Martin Luther King, Jr.: Effective Nonviolence & the Multiple Intelligences

Martin Luther King, Jr.: Effective Nonviolence & the Multiple Intelligences

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Martin Luther King, Jr.: Effective Nonviolence & the Multiple Intelligences


"Nonviolence can touch men where the law cannot reach them." These words, uttered by the late civil right's leader himself, were the fundamental tenet of Martin Luther King, Jr.'s life. These words, though few in number, are great in power. These words, simple, plain, and concise, provide a rubric with which to investigate Martin Luther King, Jr.'s creative genius and intelligence.

Howard Gardner, eminent contemporary psychological theorist promoting the concept of multiple intelligences, investigates the lives of seven geniuses of the modern era in his book Creating Minds (1993). While Martin Luther King, Jr., falls more or less at the tail end of the modern era, investigating his creative genius is nonetheless instructive. Of the seven intelligences, King remarkably embodied the interpersonal and verbal/linguistic intelligences, showed indications of high interpersonal intelligence, showed aptitude in the musical/rhythmic, visual/spatial, and body/kinesthetic intelligences, and seemed to lack proficiency in the logical/mathematical intelligence.

Growing Up in Montgomery, Alabama

Martin Luther King, Jr. was the middle child of three with an older sister Christine and a younger brother A.D. Martin's father was a reverend and his mother mostly stayed at home. King was an intense family man, revered his father, respected his mother, and had a special companion relationship with his brother.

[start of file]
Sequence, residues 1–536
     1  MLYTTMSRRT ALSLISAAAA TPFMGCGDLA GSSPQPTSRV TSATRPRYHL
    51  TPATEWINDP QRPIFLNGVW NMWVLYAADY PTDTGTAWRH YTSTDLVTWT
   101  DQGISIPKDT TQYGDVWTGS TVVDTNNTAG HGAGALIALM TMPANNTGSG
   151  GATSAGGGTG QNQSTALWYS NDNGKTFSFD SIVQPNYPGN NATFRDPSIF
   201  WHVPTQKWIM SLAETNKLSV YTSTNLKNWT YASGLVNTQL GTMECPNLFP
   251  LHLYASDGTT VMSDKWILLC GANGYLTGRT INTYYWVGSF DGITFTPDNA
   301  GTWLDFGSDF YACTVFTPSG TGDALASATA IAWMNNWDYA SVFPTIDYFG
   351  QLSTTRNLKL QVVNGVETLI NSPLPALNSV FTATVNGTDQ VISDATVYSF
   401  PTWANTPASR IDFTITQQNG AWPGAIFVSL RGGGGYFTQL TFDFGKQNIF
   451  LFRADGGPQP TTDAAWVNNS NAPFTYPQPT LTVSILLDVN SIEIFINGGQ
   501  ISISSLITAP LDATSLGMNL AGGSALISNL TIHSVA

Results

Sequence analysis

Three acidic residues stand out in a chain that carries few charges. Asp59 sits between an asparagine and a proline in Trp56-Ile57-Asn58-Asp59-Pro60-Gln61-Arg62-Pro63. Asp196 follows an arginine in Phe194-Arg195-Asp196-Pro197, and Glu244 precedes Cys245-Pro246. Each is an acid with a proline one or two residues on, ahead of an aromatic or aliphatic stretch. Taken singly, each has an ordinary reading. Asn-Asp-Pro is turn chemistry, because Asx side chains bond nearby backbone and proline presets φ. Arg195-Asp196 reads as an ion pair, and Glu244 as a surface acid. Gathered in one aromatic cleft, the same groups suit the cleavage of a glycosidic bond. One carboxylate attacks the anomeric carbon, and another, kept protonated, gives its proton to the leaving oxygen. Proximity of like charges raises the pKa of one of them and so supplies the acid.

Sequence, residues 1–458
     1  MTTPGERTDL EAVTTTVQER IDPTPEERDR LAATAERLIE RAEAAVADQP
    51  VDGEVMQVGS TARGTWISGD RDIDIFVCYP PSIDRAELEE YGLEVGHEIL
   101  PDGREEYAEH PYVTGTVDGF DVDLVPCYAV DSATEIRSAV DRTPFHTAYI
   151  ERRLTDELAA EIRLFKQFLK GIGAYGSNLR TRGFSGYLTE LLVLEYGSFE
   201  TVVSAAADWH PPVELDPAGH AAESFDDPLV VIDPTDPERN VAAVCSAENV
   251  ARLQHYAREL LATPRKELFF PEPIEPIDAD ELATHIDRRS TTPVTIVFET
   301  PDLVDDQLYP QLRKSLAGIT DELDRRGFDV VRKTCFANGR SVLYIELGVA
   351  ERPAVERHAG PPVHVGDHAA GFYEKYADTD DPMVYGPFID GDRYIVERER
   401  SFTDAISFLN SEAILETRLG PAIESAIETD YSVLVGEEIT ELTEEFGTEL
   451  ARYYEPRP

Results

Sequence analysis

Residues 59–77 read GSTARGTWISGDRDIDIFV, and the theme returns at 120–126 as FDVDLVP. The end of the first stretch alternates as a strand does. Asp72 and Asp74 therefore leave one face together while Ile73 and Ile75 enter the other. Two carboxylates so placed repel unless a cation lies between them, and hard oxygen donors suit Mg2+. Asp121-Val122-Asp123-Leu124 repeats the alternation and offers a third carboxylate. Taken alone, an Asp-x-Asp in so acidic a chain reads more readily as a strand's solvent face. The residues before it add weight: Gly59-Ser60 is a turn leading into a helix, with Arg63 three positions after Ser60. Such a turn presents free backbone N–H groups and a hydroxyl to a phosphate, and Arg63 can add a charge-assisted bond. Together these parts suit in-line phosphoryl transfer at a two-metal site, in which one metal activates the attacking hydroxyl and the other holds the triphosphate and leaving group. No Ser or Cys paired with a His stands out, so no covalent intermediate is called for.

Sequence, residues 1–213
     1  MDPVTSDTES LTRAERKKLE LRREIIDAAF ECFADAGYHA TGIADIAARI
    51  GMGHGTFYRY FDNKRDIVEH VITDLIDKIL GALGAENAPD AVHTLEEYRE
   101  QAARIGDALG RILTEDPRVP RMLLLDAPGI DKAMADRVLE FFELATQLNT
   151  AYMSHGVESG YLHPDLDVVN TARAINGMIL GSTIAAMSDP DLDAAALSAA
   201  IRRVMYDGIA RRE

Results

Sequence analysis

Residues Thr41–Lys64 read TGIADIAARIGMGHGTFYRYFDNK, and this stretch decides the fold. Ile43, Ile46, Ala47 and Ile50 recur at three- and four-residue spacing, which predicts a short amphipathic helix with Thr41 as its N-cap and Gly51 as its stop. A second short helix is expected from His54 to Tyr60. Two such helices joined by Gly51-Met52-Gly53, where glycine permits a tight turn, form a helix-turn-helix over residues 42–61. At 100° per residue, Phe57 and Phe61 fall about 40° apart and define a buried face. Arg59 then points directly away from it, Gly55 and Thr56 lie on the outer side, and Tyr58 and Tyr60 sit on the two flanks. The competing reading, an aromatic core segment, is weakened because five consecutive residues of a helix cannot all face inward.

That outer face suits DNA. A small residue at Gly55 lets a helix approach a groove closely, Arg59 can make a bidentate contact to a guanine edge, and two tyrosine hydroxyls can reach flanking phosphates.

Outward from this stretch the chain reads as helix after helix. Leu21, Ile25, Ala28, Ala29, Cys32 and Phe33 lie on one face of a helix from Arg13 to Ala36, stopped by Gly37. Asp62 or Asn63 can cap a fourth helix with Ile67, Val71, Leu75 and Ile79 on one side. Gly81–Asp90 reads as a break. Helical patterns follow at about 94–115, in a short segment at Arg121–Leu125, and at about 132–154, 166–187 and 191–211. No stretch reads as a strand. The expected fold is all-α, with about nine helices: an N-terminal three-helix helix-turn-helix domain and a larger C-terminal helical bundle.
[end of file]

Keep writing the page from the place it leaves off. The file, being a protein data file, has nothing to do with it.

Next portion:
A mentor of King's once said in reference to his young prodigy that "Gandhi's are not born, they invent themselves." As a child, certain characteristics were evident regarding the creative genius of Martin Luther King, Jr. Signs of strengt...

... middle of paper ...

...t and plight of an oppressed African culture in a Eurocentric America. Dr. Martin Luther King, Jr., unabashedly and incessantly wielded his most prolific and natural Gardnerian power, the power of interpersonal intelligence - to preach and practice his espoused Gandhian philosophy of nonviolence. In the process, King gave up a quiet private life, security for himself and his family, and ultimately his life.

Works Used

Calloway-Thomas, Carolyn, and Lucaites, John Louis. Martin Luther King, Jr., and the Sermonic Power of Public Discourse. The University of Alabama Press, Tuscaloosa, 1993.

Gardner, Howard. Creating Minds. BasicBooks, New York, 1993.

Lewis, David Levering. King: A Biography. University of Illinois Press, Chicago, 1978.

Schulke, Flip. Martin Luther King, Jr.: A Documentary...Montgomery to Memphis. W. W. Norton & Company, Inc., Toronto, 1976.

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